Economic Precarity Among LGBT Workers

Though data suggest that LGBT1 individuals are more likely to be employed than their cis-hetero counterparts, many LGBT workers struggle with unmet needs. Food insecurity, housing hardship, barriers to health care access, and medical discrimination are all major issues LGBT workers face.2 Crucially, these struggles are distributed unevenly along lines of race, class, and gender. Queer people with ready access to resources and community support do not necessarily struggle with issues of income stability in the same way that lower-income queer folks without social supports do.

Using survey data from the Federal Reserve, this article reports the latest numbers on an increasingly prevalent phenomenon: month-to-month income swings driven by the prevalence of the gig economy and unstable shift work. Many low-wage, marginalized workers face this kind of instability, and this affects the health and well-being of LGBT workers. Main findings include:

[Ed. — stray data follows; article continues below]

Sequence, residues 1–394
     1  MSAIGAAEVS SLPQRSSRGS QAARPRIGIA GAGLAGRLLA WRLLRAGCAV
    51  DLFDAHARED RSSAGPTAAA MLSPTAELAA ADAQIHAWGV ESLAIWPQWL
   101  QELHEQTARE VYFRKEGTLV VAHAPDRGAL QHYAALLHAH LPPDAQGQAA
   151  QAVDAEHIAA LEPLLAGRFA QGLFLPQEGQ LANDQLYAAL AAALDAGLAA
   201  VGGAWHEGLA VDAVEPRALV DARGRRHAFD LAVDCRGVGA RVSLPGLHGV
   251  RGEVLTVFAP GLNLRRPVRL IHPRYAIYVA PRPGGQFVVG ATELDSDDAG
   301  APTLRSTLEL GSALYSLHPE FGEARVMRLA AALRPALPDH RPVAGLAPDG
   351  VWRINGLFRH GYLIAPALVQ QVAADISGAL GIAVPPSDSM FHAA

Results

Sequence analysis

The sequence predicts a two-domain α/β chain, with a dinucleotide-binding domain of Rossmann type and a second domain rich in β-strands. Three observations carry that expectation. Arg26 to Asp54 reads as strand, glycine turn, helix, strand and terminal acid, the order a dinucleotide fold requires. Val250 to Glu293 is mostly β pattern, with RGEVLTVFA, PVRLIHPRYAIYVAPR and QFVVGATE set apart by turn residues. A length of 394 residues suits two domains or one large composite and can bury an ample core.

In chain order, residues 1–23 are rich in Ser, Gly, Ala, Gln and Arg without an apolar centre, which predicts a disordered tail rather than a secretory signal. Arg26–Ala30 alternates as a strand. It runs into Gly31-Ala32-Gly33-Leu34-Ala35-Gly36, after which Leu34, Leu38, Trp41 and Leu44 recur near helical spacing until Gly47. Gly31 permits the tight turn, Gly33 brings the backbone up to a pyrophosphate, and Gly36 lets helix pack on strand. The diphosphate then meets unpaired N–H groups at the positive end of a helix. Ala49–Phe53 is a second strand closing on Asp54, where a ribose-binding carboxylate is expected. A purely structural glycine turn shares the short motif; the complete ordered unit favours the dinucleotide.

• LGBT workers in the US struggle with issues of economic precarity at a significantly higher rate than their cis-hetero counterparts.
  • While 41 percent of LGBT workers struggle with the affordability of medical care, 24 percent of non-LGBT workers struggle with this.
  • Faced with a sudden $400 expense, 44 percent of LGBT workers would need to borrow money to cover it, while 31 percent of non-LGBT workers would need to borrow.
  • Disparities in economic well-being for LGBT workers are exacerbated for people of color, especially Black workers.
  • Issues of income instability are driving these disparities. Among LGBT people, those with stable income streams struggle with economic precarity at significantly lower rates than those with inconsistent income.


The data employed in this study come from the Federal Reserve’s annual Survey of Household Economics and Decisionmaking (SHED). To obtain sufficient sample size, we pooled data from 2021–2023. Results are based on weighted data. The survey features multiple questions about gender and sexuality, allowing respondents to indicate whether they are gay, lesbian, or bisexual and also whether they are transgender or non-binary. However, the survey does not give information on whether respondents self-identify as queer, intersex, or asexual.3 Therefore, our results do not fully capture the economic situation of all people who identify as LGBTQIA+. Please view Table A2 for key measures in the analysis.